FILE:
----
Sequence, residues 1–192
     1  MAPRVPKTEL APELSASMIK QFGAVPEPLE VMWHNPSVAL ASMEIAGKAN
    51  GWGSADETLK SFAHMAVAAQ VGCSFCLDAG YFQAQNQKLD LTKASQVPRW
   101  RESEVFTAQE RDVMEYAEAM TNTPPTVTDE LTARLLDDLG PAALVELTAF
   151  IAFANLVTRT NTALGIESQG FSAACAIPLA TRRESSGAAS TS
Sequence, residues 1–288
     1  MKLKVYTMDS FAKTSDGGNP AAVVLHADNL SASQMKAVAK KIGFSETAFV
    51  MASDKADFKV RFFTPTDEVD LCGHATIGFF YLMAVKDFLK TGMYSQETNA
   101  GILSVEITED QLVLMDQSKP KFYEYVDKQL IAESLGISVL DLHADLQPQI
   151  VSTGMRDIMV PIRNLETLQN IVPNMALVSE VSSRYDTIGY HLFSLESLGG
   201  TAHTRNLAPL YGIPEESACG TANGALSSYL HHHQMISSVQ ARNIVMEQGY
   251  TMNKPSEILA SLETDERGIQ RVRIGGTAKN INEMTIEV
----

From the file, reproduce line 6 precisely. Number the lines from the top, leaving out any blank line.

Sequence, residues 1–288